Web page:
Using an Access Database for Research
A few years back, I watched a CSPAN2 interview that changed the way I write major papers. The program was Booknotes, and the guest was Pulitzer Prize winner, Taylor Branch. What I like about Booknotes is that they sometimes venture into the author’s office to get a feel for how he or she actually tackles the grimy business of research.
Branch did not disappoint. To research his three-volume biography of Martin Luther King Jr., he made use of a massive Microsoft Accessdatabase. In one table, he had a row for every source he read. The row contained all of the relevant bibliographic information and was labeled with a unique source identifier number.
In another table, he entered every quote from these sources that he thought provided insight. These might include, for example, a few lines from a letter he found in the Martin Luther King Jr. archives, or a provocative conclusion made in one of the myriad existing biographies. Each quote got its own row in the table. The whole text of the quote was entered, along with the date it was made on (or referred to), and, most important, the source identification number that links the quote to the relevant source in the source table. (This is called a relational databasebecause the different tables connect on specific columns. Click here for a tutorial.)
When Branch finished his research, he had over 18,000 quotes and hundreds of sources. When it came time to write, he sorted his quote table by date. This allowed him to move chronologically through Dr. King’s life. During important periods, Branch sometimes found that he had dozens of insider quotes for each day!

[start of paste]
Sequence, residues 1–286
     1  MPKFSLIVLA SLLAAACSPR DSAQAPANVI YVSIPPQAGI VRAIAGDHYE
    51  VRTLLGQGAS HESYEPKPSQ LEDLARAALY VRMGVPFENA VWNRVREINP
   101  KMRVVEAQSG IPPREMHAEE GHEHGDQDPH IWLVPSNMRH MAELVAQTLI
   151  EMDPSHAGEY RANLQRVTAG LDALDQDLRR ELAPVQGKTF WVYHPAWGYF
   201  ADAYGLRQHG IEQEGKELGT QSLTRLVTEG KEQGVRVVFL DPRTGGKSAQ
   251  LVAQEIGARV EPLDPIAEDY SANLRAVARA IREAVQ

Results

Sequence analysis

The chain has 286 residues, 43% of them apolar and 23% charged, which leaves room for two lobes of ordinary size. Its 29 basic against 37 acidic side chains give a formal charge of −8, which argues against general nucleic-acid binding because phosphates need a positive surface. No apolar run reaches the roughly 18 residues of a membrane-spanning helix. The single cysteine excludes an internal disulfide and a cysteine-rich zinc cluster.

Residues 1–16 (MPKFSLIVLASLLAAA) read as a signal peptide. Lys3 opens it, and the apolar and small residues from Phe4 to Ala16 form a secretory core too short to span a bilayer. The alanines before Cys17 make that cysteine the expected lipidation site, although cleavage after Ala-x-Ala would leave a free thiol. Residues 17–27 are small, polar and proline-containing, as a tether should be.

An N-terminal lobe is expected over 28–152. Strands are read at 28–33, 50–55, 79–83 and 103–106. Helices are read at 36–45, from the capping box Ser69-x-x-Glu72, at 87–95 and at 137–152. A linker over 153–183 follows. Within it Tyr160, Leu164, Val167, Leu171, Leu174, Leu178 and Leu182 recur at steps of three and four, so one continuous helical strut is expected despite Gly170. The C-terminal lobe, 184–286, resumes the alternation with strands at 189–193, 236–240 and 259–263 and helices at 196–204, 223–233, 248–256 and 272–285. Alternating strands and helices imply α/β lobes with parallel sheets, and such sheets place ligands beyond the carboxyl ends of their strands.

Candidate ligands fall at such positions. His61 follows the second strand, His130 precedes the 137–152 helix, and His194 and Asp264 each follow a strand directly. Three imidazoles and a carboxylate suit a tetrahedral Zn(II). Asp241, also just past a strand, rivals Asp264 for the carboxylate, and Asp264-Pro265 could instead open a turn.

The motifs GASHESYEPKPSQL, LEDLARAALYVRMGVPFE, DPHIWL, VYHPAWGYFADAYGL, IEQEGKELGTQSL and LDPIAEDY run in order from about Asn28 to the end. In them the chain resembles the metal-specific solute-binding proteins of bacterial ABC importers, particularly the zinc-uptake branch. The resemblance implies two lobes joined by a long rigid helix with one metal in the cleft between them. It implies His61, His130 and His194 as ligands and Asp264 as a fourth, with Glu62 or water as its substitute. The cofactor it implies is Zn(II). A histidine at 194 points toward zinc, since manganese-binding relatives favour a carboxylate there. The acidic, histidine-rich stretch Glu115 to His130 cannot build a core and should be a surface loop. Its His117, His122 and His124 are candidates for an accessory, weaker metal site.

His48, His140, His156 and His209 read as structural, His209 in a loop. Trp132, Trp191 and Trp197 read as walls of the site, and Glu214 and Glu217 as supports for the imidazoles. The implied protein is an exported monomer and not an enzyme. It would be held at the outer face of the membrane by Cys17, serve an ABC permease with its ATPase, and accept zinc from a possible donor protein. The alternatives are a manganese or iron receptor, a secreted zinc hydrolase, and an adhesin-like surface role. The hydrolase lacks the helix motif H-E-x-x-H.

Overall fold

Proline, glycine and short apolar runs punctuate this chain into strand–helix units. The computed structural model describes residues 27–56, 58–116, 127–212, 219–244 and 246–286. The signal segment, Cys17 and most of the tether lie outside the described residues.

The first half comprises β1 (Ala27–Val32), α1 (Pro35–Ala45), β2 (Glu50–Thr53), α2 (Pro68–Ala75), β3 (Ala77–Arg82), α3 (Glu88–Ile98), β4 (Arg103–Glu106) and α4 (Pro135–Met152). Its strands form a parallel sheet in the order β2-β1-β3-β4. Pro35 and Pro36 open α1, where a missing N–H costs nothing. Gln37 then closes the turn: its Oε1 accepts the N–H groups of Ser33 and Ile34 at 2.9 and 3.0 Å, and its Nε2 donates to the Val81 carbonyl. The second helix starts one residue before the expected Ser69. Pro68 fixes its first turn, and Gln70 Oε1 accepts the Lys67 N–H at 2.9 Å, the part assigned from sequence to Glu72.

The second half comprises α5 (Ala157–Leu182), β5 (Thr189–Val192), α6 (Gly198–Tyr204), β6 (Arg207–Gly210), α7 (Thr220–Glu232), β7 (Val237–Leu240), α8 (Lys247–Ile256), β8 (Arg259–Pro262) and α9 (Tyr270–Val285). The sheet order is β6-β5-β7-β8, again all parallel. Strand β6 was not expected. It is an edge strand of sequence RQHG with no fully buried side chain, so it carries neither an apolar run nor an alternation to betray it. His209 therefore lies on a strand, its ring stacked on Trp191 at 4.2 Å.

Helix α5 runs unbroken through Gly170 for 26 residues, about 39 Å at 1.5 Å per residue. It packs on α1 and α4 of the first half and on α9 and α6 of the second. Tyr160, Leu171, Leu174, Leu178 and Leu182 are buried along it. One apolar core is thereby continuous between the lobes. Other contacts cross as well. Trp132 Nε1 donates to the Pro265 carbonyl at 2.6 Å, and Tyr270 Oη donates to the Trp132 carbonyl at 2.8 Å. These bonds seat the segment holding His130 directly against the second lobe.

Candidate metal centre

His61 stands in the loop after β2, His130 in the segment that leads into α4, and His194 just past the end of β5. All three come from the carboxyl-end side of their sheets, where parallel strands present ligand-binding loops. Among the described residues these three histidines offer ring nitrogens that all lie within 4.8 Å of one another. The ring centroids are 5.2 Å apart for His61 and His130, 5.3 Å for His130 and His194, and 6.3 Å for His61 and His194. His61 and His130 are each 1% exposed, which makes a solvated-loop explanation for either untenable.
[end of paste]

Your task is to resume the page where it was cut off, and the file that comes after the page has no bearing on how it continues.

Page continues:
The key here is that the writing process had been simplified. It was just Branch and his database. As he moved through the important periods of Dr. King’s life, he could efficiently and comprehensively consult every last relevant piece of information about that period, and then, with this background solidly in mind, begin to weave together his own, highly informed version of the story.
Captured because it sounds much like what I use mxplx for in my research.
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Martin Luther King, Jr. (0.953993): dbpedia | freebase | opencyc | yago
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Pulitzer Prize (0.631317): website | dbpedia | freebase | opencyc | yago
John F. Kennedy (0.622666): website | dbpedia | freebase | opencyc | yago
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Taylor Branch (0.607208): dbpedia | freebase | yago
Southern Christian Leadership Conference (0.586845): website | dbpedia | freebase | yago
People celebrated in the Lutheran liturgical calendar (0.586324): dbpedia